During the chief resident year, residents supervise General Surgery service, charged with the responsibility of patient care and for supervising the junior and senior residents below them. Chief residents perform a wide range of surgical procedures under the supervision of an attending surgeon.

PGY5:

  • Seven months on General Surgery at ISMMS
  • Two months on General Surgery/Trauma Service at EHC
  • One month on General Surgery at James J Peters VA Medical Center
  • Two months on Surgical Oncology

Affiliate Hospitals

The Icahn School of Medicine at Mount Sinai General Surgery Residency Program has affiliations with several premiere healthcare institutions in the New York metropolitan area. Each partner excels in distinct specialties to create a unique program that offers broad-based training in a VA facility and a city hospital. Together, these different environments complement the tertiary care experience gained at Mount Sinai.

Elmhurst Hospital Center

Elmhurst Hospital Center (EHC) is a completely modernized facililty which serves as the major tertiary care provider in the borough of Queens. The 545-bed hospital is a highly-regarded Level I Trauma and Stroke Center. In 2013, EHC received close to 700,000 ambulatory care visits and over 130,000 Emergency Room visits, making it one of New York City’s busiest ER and trauma centers. Elmhurst is a premiere health care organization and a regional referral center for trauma services, cardiac catheterization, neurosurgery, Adult, Adolescent, and Pediatric psychiatric services and rehabilitative medicine. Designated as an American Cancer Society (ACS) Teaching Hospital, Elmhurst Hospital Center serves an area of nearly one million people in one of the most ethnically and linguistically diverse communities in the United States. Patients come from across the globe, speaking a multitude of languages and dialects and bringing with them their particular beliefs and customs. Elmhurst is responsive to their needs, and makes every effort to alleviate cultural barriers and to ensure that its patients are provided with the quality healthcare they deserve. Culturally-sensitive care is a hallmark of its highly-regarded Mental Health Services.

James J. Peters Veterans Affairs Medical Center

The oldest Veterans Affairs (VA) facility in New York, The James J. Peters VA Medical Center has served United States veterans for more than 75 years. Today, The James J. Peters VA Medical Center is a multi-level health care center of excellence, accredited by the Joint Commission on Accreditation of Healthcare Organizations. The institution also holds distinction as a Veterans Health Administration designated ‘Comprehensive Cancer Center’ approved by the Commission on Cancer of the American College of Surgeons. The outpatient service includes ten separate practices encompassing dozens of specialties and sub-specialties. Inpatient wards support 311 beds and a 120-bed nursing home care unit.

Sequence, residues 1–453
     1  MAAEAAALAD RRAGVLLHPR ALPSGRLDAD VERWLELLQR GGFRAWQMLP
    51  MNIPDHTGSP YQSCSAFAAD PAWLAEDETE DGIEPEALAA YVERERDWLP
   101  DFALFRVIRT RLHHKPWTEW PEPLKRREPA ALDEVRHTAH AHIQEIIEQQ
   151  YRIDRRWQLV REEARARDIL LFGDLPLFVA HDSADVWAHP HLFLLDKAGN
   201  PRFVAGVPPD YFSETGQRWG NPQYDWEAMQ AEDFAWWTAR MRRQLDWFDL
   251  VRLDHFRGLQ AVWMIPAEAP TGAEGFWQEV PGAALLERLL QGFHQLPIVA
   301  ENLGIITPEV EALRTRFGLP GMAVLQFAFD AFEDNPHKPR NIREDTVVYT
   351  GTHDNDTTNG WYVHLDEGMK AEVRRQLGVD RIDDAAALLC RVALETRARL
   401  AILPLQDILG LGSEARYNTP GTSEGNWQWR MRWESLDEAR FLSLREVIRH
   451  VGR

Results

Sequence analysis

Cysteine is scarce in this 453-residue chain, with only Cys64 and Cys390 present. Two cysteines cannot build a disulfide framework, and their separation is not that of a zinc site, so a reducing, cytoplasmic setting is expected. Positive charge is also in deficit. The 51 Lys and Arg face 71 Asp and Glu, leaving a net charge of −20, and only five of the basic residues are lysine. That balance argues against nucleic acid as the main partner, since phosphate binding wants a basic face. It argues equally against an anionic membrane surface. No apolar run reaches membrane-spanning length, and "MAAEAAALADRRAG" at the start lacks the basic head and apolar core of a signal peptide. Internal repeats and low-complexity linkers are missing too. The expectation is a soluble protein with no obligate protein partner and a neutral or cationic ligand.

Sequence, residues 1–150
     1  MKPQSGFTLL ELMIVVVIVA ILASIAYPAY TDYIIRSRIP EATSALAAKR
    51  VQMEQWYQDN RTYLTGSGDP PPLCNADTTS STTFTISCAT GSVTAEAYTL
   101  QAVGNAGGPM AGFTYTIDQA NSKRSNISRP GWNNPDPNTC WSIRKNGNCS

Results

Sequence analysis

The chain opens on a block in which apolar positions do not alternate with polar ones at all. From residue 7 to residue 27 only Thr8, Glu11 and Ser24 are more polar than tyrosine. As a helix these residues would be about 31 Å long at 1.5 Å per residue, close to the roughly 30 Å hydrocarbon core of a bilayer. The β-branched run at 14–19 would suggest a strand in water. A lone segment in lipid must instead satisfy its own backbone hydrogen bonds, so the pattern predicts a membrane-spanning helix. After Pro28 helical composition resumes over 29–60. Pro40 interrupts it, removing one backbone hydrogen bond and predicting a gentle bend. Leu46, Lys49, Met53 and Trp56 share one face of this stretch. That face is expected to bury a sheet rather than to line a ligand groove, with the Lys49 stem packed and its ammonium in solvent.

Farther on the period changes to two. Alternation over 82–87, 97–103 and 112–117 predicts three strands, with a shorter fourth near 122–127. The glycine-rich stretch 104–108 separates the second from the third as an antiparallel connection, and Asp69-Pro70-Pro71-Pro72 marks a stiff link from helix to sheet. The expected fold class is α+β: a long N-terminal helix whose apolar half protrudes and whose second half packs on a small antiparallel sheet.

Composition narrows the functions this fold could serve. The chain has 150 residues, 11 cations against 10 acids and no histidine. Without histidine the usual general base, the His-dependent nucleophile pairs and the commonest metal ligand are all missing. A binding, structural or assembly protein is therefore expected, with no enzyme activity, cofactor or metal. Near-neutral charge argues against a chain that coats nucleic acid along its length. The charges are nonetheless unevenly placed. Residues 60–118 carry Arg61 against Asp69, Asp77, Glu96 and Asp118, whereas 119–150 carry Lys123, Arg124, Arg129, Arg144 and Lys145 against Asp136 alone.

Electives

A four-week elective rotation has been implemented for the PGY4 categorical residents, allowing them the opportunity to explore their personal interest in other surgical specialties, either within Mount Sinai or outside institutions, in the setting of their choice. Examples of elective rotations have included Thoracic, Trauma, Endocrine, and Transplant and Colorectal surgery.

Overseas Rotation

As part of our residents’ training, during their PGY-3 year they spend 1 month on a clinical rotation in the Dominican Republic. Senior surgical residents can operate in an environment culturally and socioeconomically distinct from their own. Here, they learn to observe, appreciate and ultimately incorporate valuable skills and lessons into patient care. This opportunity also allows senior residents to contribute to the global community as humanitarians

Our institution provides an ongoing clinical rotation in which surgical residents rotate on a routine basis to a rural hospital in the Dominican Republic. The local population benefits from the medical care provided by these residents. At the same time, the residents themselves benefit from working in an environment with limited resources distinctly different from their own, allowing them to improve their surgical and medical skills.